placement new

Discussion in 'C++' started by karthikbalaguru, Sep 10, 2007.

  1. Hi,

    I find that articles stating that 'placement new' constructs an object
    on a pre-allocated buffer and so takes less time.

    Actually, we have to consider the allocation of the buffer and then
    the construction of object using 'placement new'. So, Effectively it
    should be taking more time . What do you think ?

    I think,
    'placement new' time = Time for creation of pre-allocated buffer +
    Time for doing the allocation in

    pre-allocated buffer using

    'placement new'.

    Ex :
    void placementnew{
    char *buf = new char[1000]; // pre-allocated buffer
    string *p = new(buf)string("hi"); // placement new in turn depends
    on buf
    }

    So, i think, it should be as below :
    'placement new' time(p) = Time for creation of pre-allocated buffer
    called 'buf' + Time for doing the

    allocation in

    pre-allocated buffer

    using 'placement

    new' for 'hi'.

    So, How could 'placement new' be stated to be faster ?
    Further, what is the advantage in using 'placement new'. It in turn is
    depending on the pre-allocated buffer in heap that is assigned using
    'new'. So, how does 'placement new' prove to be good in comparison
    with 'new' as it indirectly depends on heap ?

    Why was 'placement new' introduced in c++ ? What are the practical
    areas of application of 'placement new' ?

    Thx in advans,
    Karthik Balaguru.
     
    karthikbalaguru, Sep 10, 2007
    #1
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  2. karthikbalaguru wrote:
    > I find that articles stating that 'placement new' constructs an object
    > on a pre-allocated buffer and so takes less time.
    >
    > Actually, we have to consider the allocation of the buffer and then
    > the construction of object using 'placement new'. So, Effectively it
    > should be taking more time . What do you think ?


    The benefit comes when the allocation does not happen for several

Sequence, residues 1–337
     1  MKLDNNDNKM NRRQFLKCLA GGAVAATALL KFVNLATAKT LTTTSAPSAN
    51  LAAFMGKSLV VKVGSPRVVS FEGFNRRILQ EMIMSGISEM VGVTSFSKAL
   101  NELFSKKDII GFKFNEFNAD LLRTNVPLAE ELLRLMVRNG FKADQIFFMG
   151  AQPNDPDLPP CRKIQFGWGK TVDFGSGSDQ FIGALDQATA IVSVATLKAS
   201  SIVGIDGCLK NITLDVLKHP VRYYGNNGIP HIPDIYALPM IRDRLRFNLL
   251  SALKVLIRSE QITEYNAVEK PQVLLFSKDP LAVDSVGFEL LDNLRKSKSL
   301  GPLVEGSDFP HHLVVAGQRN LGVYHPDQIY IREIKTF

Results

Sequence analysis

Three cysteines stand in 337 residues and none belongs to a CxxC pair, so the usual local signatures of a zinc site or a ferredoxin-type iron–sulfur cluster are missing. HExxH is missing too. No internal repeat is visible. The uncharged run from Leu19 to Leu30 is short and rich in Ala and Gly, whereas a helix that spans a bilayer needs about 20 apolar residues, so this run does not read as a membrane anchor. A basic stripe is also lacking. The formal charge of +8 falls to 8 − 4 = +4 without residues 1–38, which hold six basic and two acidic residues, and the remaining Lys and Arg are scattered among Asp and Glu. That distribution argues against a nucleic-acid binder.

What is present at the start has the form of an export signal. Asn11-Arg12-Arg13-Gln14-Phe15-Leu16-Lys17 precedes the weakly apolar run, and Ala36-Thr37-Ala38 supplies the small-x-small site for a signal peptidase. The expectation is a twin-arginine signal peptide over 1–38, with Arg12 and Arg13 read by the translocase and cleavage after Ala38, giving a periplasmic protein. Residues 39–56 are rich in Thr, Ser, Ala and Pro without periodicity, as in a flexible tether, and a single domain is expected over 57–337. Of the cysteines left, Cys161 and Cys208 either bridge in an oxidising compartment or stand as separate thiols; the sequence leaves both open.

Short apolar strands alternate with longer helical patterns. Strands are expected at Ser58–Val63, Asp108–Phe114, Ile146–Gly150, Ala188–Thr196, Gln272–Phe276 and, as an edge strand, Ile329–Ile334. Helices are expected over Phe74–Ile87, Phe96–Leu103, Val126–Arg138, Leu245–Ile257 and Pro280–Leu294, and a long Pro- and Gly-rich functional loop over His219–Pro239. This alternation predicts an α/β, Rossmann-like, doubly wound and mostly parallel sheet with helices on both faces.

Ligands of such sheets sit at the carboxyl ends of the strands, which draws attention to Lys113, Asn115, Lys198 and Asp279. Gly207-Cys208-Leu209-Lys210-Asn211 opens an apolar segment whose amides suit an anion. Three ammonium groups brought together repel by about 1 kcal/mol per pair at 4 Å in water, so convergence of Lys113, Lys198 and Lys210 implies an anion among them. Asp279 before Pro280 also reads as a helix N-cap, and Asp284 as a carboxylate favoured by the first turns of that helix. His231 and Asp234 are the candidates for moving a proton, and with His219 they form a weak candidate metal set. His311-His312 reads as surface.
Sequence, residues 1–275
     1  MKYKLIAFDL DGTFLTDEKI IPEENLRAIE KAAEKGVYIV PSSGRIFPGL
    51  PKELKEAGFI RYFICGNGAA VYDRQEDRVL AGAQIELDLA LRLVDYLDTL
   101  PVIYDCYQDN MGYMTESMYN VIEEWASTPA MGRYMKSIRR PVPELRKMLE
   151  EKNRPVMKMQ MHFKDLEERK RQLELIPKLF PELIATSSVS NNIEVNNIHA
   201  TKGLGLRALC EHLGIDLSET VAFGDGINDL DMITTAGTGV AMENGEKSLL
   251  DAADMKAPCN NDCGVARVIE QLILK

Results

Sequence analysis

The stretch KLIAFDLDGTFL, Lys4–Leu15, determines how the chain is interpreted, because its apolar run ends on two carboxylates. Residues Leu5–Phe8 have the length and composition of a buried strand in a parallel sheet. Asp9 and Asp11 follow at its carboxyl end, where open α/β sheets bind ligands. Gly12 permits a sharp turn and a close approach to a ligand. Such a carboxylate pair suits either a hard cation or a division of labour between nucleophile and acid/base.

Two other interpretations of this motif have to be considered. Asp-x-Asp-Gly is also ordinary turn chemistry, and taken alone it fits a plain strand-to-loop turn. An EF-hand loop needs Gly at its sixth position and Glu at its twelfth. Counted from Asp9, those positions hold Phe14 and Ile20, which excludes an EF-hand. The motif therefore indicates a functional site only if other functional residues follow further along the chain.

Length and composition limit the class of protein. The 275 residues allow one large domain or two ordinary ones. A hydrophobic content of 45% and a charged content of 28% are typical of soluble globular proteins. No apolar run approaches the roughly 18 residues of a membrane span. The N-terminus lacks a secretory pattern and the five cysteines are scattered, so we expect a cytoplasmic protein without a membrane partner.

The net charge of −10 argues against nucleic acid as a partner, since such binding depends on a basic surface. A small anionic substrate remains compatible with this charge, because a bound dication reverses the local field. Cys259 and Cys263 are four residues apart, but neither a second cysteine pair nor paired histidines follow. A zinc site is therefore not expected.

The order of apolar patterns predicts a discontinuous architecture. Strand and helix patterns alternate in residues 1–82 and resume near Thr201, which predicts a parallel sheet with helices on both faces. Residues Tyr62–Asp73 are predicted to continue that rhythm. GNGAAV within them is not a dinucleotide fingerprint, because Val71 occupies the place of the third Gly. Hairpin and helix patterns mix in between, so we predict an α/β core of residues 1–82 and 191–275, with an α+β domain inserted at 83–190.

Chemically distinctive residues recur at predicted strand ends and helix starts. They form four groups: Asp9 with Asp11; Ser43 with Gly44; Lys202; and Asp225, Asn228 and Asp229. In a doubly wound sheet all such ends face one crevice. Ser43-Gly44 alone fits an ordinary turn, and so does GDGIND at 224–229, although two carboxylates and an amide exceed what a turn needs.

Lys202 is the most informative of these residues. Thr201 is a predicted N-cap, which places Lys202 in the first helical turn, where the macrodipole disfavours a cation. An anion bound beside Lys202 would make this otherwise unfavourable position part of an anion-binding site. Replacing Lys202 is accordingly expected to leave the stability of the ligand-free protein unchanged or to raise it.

constructions, like when 'std::vector' shrinks and then resizes,
    it doesn't deallocate its storage but instead keeps destructing and
    construcing elements in place (using placement new).

    > [..]


    V
    --
    Please remove capital 'A's when replying by e-mail
    I do not respond to top-posted replies, please don't ask
     
    Victor Bazarov, Sep 10, 2007
    #2
    1. Advertising

  3. On 2007-09-10 20:29, karthikbalaguru wrote:
    > Hi,
    >
    > I find that articles stating that 'placement new' constructs an object
    > on a pre-allocated buffer and so takes less time.
    >
    > Actually, we have to consider the allocation of the buffer and then
    > the construction of object using 'placement new'. So, Effectively it
    > should be taking more time . What do you think ?


    Placement new is faster because it does not have to allocate the memory
    before it constructs an object, normal new first allocates memory and
    then constructs the object. One example of this is std::vector which
    allocates more memory than it uses and then constructs new elements into
    this memory.

    If we assume that all allocations take the same amount of time then
    allocating one large chunk of memory and then constructing N objects
    into that chunk takes A+N*C time (A is allocation time, and C is
    construction time). Making one allocation for each construction takes
    N*(A+C) time, which is (N-1)*A longer.

    > I think,
    > 'placement new' time = Time for creation of pre-allocated buffer +
    > Time for doing the allocation in
    >